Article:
Implantable Cardioverter Defibrillators (ICDs)
Once upon a time, to receive an implantable defibrillator required that you survive not one, but two episodes of sudden cardiac death. You had to have ventricular arrhythmias refractory to drug therapy, and you had to be strong enough to undergo a thoracotomy.
It’s astonishing that anyone qualified for the device!
Since then, the technology has come a long way. The device has been miniaturized, allowing a transvenous approach. The devices are also now highly programmable, and usually integrated with a pacemaker.
Thanks to a series of clinical trials (MADIT II, DEFINITE, SCD-HeFT) the number of patients for whom the device is indicated has grown significantly although some of the evidence suggests that ICDs are over-utilized in some sets of patients and under-utilized in others.
If you have Class II or Class III heart failure and impaired left ventricular function there’s a good chance you qualify for an ICD assuming you are able to give consent, have not experienced a recent heart attack, and are not a candidate for revascularization.
This means that paramedics are seeing more of these devices in the field. It also means that more of our heart failure patients are going to contact 9-1-1 when they get shocked inappropriately, a problem that is being addressed with smarter programming (registration required to read Medscape article).
We also may be called to a patient with an ICD who presents with a wide complex tachycardia with a rate too slow to trigger the device’s tachy therapy because the patient takes oral antiarrhythmics. For many, the diagnosis of VT seems less straight forward when the heart rate is in the 130s or 140s.
Here’s a case to illustrate the difficulty in managing these patients.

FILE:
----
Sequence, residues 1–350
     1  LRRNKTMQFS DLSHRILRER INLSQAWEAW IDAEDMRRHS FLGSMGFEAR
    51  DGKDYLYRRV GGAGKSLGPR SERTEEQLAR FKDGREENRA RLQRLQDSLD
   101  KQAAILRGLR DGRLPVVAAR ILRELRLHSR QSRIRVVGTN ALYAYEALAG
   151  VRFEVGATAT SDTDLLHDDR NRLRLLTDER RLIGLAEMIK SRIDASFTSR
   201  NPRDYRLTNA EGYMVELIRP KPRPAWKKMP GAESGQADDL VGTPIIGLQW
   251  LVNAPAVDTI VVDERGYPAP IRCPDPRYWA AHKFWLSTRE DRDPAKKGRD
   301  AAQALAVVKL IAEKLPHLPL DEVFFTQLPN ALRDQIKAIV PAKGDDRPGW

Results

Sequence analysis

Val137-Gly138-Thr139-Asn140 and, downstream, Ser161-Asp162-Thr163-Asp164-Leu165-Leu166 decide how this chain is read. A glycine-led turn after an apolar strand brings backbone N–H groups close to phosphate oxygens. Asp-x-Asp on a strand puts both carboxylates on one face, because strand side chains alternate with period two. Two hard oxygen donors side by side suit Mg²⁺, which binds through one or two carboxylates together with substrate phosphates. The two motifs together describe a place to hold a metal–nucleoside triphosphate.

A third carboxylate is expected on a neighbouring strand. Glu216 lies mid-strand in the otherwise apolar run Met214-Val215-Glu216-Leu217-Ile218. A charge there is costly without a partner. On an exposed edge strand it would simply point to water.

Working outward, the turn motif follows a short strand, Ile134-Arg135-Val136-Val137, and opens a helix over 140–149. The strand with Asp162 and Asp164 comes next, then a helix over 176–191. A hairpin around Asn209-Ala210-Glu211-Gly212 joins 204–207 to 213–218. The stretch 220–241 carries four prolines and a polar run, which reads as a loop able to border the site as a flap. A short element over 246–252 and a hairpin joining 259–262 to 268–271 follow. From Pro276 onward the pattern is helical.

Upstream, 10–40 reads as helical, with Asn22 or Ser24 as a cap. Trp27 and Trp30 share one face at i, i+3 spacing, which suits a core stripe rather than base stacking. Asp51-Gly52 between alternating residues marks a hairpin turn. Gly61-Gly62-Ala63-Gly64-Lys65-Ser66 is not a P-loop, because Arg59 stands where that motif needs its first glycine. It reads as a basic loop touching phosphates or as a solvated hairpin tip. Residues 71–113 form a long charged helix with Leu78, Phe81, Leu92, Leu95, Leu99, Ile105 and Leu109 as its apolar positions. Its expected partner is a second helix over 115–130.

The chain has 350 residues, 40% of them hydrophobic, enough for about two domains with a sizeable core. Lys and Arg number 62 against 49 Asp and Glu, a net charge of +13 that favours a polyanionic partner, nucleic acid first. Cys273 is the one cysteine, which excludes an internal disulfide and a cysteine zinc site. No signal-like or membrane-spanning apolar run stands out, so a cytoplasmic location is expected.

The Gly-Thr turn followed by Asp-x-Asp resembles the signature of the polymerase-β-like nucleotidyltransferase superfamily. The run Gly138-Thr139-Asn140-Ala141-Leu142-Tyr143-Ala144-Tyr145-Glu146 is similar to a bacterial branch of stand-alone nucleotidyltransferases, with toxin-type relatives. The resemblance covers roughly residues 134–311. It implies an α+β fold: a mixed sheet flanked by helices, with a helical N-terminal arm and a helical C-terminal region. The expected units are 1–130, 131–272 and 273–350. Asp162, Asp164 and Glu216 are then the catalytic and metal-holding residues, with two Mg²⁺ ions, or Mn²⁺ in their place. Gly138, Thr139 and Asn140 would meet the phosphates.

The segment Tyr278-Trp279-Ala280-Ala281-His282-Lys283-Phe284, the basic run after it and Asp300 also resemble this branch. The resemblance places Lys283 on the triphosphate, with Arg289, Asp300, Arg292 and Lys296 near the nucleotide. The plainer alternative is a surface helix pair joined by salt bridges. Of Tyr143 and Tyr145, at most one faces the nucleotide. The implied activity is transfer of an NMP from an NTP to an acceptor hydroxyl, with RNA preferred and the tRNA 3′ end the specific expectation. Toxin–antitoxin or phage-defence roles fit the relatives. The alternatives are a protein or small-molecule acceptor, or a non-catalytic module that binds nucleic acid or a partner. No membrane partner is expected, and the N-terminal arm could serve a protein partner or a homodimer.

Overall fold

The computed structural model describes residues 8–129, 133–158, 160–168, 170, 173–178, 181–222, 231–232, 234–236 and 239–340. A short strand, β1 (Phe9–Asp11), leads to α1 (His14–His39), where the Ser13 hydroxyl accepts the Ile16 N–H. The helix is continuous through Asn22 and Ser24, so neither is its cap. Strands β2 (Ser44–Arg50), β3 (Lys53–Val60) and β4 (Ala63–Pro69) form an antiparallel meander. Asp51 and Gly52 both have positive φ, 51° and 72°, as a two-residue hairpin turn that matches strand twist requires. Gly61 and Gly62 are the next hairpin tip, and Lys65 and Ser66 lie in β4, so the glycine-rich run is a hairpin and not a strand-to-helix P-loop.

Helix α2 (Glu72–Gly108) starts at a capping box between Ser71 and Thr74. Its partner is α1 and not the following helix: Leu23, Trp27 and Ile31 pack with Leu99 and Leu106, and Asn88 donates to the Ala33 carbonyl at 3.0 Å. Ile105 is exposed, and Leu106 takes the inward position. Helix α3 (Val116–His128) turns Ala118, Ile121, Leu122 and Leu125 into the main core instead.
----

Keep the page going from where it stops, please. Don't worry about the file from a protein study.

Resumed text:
A 70 year old male contacts 9-1-1 after being shocked by his ICD several times.
EMS arrives on the scene and assesses the patient.
- RR: 18
- HR: 100 and irregular
- NIBP: 139/79
- SpO2: 98% on room air
The cardiac monitor is attached.
A 12 lead ECG is acquired.
This patient was shocked at least 12 more times while he was with EMS. If you don’t think this is traumatizing look at this video that shows climate scientist Henrik Svensmark getting shocked by his ICD at a conference in Copenhagen.
When I asked the treating paramedic if he captured a rhythm strip of the patient being shocked (so we could determine whether or not the device was malfunctioning) the first thing he showed me was the second 12 lead ECG.
What we see in this 12 lead ECG is a loose electrode in the V2 position. Had this been an actual ICD shock, leads V1 and V3 would also have been affected. Also, the duration of the shock would have shorter.
However, the paramedic in question did document a few ICD shocks because he wisely pressed the print button and left the printer running.
Here’s a rhythm strip of the ICD firing.
Here’s the post-shock rhythm.
Inappropriate or ineffective ICD shocks Part 1